Massive project begins to improve the A19 and A690 junction in Sunderland

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TRAFFIC chiefs say a £870,000 project updating, improving and re-shaping a key Sunderland junction is getting underway.

Work at the A690 Durham Road junction with the A19 is due to start from Monday 22 September.

Sunderland City Council say the work is programmed for various stages over four months to January 2015 with re-surfacing completed later in the spring during warmer weather conditions.

The junction sees more than 40,000 vehicles pass through it every weekday.

Funding has come from the council and the Government as part of a bigger £9million package of ongoing works linked to the A19.

Council leader Paul Watson said: “The work here at the Durham Road junction is part of this bigger picture of A19 improvements.

“All the works, including these on the A690 and A19 junction, are helping lay the ground for delivering our City Deal by improving our infrastructure, expanding our manufacturing base, creating jobs and increasing economic growth.

“The city council and its partners are looking to the long-term and investing in the future of the city and the wider North East region.”

The A690 work includes:

•Updating traffic signals with more efficient and lower voltage units;

•Improved traffic signal detection and improved connections to the Tyne and Wear Urban Traffic Control Centre that helps oversee nearly 200 junctions;

•Carriageway resurfacing and new road markings.

The scheme’s budget of £870,000 is made up of £620,000 from the Department for Transport and £250,000 from the City Council’s Local Transport Fund.

It is one of seven major schemes with a total cost of £9million helping traffic flows along the A19 corridor, its junctions and link roads.

Councillor Michael Mordey, cabinet member for City Services, added: “The A690 work is part of a bigger package tackling pinch-points, and improving both access and exits for vehicles crossing the city and the A19 economic corridor.”

The council said improvements are assisting with:

• Reducing traffic congestion and improving journey times on key routes;

• Opening up access to key employment sites within the North East Low Carbon Enterprise Zone and the Nissan plant;

• The development of a 100 hectare International Advanced Manufacturing Park (IAMP) to the north and west of the Nissan plant as part of the Sunderland and South Tyneside City Deal.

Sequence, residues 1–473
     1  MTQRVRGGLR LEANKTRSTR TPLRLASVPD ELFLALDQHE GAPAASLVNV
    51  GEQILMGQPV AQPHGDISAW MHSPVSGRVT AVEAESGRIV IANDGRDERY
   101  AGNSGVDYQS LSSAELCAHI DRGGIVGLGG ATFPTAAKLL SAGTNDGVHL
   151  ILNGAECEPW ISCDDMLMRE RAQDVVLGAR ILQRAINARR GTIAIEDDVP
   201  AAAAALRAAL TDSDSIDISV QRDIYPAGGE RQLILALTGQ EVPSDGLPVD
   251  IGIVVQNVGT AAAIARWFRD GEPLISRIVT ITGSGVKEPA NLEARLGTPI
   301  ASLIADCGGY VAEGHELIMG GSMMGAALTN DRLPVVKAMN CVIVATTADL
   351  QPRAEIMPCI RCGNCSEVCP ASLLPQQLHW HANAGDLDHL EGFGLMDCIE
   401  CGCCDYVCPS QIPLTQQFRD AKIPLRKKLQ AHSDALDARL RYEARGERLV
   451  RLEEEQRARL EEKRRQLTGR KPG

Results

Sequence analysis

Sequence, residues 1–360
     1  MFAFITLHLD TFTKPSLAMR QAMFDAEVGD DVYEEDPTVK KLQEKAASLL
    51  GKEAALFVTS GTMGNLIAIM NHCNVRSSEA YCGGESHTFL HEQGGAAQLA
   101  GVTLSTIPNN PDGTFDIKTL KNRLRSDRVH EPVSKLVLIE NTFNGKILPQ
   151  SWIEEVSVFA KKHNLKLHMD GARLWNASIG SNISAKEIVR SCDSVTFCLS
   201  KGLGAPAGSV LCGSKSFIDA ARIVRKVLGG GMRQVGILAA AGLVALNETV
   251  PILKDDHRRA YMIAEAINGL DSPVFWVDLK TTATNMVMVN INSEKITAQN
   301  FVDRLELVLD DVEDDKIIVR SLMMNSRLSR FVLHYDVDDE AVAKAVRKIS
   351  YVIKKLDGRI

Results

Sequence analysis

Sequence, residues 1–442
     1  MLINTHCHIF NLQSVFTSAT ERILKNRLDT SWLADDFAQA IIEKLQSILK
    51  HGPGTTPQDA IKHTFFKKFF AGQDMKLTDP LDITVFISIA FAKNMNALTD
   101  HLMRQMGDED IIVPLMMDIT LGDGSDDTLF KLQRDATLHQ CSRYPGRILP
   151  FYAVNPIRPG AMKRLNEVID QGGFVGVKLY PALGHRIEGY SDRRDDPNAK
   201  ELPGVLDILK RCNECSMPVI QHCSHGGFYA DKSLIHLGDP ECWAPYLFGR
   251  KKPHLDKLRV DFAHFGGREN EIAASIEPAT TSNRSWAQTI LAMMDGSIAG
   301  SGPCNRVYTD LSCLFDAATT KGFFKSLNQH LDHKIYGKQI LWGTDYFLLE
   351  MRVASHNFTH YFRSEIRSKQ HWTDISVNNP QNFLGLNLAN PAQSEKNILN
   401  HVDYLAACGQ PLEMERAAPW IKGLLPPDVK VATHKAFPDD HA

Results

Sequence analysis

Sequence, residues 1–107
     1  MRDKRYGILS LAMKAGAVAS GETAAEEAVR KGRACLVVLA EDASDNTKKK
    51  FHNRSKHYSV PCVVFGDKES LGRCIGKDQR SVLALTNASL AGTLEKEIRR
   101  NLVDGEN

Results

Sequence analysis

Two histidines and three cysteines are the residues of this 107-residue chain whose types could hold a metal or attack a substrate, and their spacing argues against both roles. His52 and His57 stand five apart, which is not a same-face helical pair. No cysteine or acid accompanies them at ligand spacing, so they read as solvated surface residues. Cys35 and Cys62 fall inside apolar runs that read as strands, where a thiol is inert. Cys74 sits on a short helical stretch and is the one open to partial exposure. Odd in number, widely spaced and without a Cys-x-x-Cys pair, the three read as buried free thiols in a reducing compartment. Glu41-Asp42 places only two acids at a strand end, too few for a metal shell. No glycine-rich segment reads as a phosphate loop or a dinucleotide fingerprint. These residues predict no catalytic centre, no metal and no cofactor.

Other works include improvements to Sunderland’s pedestrian and cycling infrastructure.

The overall funding has been made available from Central Government with £5million from the Regional Growth Fund, £4.17million from the Local Pinch Point Fund, plus contributions from the city council amounting to £500,000.

The six other 2014/2015 schemes are:


Updated traffic signalling the A19 junction with the A183 Chester Road - works carried out by Sunderland City Council


The Highways Agency works to the A19/A1231 junctions. These comprise:

• Updated traffic signalling

• Widening the eastbound A1231 approach to the A19 to three lanes


Conversion of existing A19 junction with the A1290 to traffic signal control to improve the main north-south access route to Nissan and reduce existing queues of traffic on the A19 – works carried out by South Tyneside Council

A1290/Nissan Access

Updated traffic signalling at the A1290 junction with Washington Road, improving staff and visitor access to the Nissan car manufacturing plant – works carried out by Sunderland City Council

A1290/Cherry Blossom Way

Conversion of existing A1290 junction with Cherry Blossom Way to traffic signal control improving the ease and safe use of access to and from the Nissan distribution depots and other local supply chains - works carried out by Sunderland City Council


Works improving the cycling network and connectivity between Nissan and the residential areas at Washington, Pattinson and North Sunderland. This includes off carriageway cycleways alongside the A1290, linking to Sulgrave Road roundabout and Albany Park, and Pattinson Road – works carried out by Sunderland City Council.